Simply put, ‘Sexting’ is a term used to describe the taking and sending of indecent images. This can be by an adult or child. It is when a person takes an indecent image of themselves and sends it to a friend, spouse, boyfriend or girlfriend. This could be via mobile phones, social networks, emails or social apps such as Snapchat.

Sexting and the Law

It is against the law for anyone under the age of 18 to possess, share or send explicit or sexual images, including yourself.

Both having and distributing images of this nature is an offence under the Sexual Offences Act 2003. Encouraging someone to take or send ‘sexts’ can also be illegal.

It’s very unlikely that a child would be prosecuted for a first offence, but the police might want to investigate.

Emotional Turmoil & Regret

As children have no control over how and where images and messages might be shared online by other people, sexting can leave them vulnerable to bullying, humiliation and embarrassment, or even to blackmail. It can have a long lasting impact on the child’s self-esteem. 

What should I do if Sexting affects my Child?

“When you sit with your child who may be a victim (shared pictures) or those who are criminalised for this behaviour (producing images) we may need to take a more compassionate view around the impact that sending an intimate image at a click of a button can have. Your connection and acceptance to your child is the most important factor in helping reduce the impact of this issue.”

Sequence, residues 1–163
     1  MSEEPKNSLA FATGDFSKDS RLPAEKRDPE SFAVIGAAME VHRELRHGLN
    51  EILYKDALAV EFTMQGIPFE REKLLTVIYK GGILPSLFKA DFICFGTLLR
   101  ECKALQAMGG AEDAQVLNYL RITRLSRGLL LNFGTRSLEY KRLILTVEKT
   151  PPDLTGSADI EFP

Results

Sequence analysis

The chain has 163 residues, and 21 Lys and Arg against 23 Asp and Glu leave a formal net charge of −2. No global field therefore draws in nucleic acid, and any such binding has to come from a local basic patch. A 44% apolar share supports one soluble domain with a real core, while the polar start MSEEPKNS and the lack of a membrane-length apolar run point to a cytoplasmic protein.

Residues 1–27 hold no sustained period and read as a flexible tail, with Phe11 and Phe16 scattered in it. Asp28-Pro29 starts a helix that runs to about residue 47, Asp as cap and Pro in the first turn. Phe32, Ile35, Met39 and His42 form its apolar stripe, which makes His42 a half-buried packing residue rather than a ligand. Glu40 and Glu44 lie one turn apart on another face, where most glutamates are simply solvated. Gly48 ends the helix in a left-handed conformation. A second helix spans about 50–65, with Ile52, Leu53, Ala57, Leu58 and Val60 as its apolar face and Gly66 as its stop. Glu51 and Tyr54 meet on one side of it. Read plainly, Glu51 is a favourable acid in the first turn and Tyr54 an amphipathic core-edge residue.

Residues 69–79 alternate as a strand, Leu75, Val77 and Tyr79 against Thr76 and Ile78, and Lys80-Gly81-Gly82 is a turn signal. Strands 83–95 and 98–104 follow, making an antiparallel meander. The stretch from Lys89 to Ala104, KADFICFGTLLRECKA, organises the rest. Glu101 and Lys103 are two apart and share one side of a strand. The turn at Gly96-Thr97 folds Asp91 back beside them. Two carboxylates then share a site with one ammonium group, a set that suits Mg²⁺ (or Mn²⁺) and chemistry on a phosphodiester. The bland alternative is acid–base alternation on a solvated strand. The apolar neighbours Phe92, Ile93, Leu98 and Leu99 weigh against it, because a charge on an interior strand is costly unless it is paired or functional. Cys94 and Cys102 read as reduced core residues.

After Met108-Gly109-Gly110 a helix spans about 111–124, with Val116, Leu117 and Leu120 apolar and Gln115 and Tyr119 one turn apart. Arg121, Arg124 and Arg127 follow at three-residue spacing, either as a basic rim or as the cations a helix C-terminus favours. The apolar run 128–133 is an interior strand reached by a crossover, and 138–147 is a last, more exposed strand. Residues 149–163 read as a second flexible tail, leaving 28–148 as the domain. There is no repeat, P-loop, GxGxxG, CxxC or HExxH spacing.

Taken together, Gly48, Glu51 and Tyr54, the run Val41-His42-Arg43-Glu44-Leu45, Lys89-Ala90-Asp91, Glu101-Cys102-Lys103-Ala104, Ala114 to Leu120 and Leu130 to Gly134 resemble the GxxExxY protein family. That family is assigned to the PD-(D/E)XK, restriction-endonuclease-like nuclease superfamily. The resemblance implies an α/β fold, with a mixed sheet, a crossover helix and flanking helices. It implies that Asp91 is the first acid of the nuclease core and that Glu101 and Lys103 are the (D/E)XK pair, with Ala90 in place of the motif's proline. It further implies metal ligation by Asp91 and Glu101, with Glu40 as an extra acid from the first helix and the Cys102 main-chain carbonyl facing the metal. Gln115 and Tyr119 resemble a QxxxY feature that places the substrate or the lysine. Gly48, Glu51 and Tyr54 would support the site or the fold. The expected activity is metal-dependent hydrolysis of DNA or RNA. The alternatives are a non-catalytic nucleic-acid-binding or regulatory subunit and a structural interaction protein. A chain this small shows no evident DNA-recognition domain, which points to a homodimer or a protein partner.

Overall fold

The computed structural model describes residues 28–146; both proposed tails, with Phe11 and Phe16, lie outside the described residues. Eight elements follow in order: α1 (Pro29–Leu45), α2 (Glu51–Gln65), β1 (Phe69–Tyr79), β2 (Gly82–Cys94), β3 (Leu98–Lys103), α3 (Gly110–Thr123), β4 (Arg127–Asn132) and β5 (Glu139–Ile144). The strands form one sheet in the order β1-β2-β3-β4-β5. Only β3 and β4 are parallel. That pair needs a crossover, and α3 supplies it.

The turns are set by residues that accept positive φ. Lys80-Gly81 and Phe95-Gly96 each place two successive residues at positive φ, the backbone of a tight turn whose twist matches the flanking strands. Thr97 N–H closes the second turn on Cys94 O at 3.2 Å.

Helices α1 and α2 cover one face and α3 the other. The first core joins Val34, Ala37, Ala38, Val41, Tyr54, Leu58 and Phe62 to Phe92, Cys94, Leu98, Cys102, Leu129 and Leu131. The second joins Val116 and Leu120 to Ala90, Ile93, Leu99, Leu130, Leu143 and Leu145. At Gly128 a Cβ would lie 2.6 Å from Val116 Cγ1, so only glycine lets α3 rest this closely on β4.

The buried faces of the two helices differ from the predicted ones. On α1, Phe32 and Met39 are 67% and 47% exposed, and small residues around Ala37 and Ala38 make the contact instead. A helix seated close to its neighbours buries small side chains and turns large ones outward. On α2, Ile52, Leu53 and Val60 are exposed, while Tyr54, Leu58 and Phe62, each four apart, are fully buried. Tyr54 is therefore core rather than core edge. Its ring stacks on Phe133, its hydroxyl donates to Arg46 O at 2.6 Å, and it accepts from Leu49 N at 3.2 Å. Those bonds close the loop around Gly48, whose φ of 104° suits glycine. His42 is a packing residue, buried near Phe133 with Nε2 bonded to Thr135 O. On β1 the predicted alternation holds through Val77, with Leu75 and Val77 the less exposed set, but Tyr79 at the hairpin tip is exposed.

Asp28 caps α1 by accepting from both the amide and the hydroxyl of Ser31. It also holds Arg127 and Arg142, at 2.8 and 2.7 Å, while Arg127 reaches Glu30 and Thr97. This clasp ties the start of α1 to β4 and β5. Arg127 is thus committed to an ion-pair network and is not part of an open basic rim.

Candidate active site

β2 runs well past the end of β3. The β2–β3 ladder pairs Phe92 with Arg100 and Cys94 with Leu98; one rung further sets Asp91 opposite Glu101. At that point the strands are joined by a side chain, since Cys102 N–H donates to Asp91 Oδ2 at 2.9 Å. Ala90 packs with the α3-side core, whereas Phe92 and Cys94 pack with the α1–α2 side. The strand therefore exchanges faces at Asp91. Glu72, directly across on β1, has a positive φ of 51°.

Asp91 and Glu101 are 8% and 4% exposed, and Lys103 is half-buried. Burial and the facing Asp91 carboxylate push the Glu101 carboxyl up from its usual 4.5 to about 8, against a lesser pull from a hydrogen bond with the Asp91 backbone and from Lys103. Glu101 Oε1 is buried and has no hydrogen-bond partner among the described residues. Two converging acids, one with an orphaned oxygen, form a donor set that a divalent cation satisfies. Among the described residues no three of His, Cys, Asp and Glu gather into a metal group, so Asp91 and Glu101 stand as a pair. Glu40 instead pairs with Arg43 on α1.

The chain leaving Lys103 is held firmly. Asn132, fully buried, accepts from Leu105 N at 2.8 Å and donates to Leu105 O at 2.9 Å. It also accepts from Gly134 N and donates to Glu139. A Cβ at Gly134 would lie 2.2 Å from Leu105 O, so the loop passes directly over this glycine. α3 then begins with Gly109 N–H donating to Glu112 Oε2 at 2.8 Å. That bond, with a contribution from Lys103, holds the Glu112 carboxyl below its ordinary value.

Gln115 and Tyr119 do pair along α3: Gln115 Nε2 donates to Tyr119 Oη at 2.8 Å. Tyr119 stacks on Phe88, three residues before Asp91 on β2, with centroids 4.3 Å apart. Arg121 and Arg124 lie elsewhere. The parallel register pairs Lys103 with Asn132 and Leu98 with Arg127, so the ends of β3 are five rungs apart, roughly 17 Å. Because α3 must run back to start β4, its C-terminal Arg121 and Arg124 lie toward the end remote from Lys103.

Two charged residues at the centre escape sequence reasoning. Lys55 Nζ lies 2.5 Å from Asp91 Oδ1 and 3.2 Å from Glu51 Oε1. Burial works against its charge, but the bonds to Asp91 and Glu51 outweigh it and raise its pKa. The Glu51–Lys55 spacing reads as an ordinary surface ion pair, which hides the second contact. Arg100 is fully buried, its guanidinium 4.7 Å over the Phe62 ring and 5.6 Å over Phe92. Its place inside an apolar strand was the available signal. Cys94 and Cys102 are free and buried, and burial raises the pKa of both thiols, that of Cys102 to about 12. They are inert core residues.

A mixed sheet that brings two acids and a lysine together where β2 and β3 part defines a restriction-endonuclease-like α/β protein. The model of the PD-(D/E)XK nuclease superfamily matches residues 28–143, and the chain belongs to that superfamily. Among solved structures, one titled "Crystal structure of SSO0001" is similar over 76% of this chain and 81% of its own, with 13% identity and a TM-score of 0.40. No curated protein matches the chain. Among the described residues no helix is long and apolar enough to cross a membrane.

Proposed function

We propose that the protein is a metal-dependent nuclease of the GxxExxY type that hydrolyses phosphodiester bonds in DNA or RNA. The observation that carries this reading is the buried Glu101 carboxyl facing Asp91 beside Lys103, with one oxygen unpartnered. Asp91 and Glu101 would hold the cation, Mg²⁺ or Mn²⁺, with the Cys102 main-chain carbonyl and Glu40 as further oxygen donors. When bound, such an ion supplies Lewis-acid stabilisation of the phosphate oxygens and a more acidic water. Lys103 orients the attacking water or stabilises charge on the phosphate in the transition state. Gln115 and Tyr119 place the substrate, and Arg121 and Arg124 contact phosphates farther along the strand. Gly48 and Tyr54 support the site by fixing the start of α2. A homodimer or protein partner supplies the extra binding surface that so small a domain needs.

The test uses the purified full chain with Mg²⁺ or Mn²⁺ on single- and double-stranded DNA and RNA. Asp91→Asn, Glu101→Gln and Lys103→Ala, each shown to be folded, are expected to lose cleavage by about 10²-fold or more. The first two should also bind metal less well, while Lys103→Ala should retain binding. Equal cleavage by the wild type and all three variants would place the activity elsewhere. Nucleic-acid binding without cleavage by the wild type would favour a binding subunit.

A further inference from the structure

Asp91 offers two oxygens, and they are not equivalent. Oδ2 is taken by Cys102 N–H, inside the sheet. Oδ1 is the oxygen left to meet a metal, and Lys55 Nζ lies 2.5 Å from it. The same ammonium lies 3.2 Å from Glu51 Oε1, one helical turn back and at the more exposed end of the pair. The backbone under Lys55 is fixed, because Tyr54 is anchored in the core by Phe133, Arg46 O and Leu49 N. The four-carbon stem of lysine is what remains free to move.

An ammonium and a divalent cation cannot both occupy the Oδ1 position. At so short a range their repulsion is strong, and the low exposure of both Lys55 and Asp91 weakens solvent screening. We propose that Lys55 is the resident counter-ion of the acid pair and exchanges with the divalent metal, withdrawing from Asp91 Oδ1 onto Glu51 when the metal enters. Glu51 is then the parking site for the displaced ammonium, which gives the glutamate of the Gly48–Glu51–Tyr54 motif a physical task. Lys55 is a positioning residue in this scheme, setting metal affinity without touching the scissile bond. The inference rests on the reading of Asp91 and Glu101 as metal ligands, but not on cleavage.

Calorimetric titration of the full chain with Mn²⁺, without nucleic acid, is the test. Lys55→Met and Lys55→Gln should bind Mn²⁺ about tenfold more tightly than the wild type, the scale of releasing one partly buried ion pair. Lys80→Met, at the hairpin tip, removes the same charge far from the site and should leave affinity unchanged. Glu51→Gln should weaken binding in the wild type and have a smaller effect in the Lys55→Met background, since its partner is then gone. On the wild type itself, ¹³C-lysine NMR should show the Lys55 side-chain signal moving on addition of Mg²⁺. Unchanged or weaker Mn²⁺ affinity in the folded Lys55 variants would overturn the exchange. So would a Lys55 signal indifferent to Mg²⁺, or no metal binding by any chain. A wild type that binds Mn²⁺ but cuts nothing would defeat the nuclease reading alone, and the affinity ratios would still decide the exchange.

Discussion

I’m a Student worried about an image I’ve sent. What can I do?

It’s normal to send an image or ‘sext’ and wish you hadn’t. Sometimes we get caught up in the moment or assume that everything will be fine, and sometimes it isn’t. You might feel ashamed, guilty or anxious which is very normal, however please remember that you’re not alone – many young people have been in a similar situation. Fortunately, there are steps you can take to make things better and ensure it doesn’t happen again.

The first thing to do is to speak with the person you sent the image to. Most of the time, they will be understanding if you simply ask them to delete the message or image. We can’t control what others will do with an image but with talking to them as soon as possible, it can help to make sure that they don’t pass it on.

If you feel there is an adult you trust (such as a parent/carer) that you can talk to about what’s happened, it would be a good idea to. It may also be a good idea to let your form tutor and/or pastoral know, as we can help support you at school. We won’t judge you, but we understand it’s important you feel comfortable talking about what’s happened.

Please take a look at this helpful page from BullyingUK for more advice on what to do if you’ve sent a sext.

Further Support

There are many great websites offering detailed support and resources around Sexting. Please check out’s Sexting section have a great page with more information and how you can talk to your child about sexting. 

You can anonymously and confidentially report indecent images via the Internet Watch Foundation.

Reach out to me directly on for any advice and support. As the College’s CEOP Ambassador, I regularly help and support students with any E-Safety issues/queries/concerns.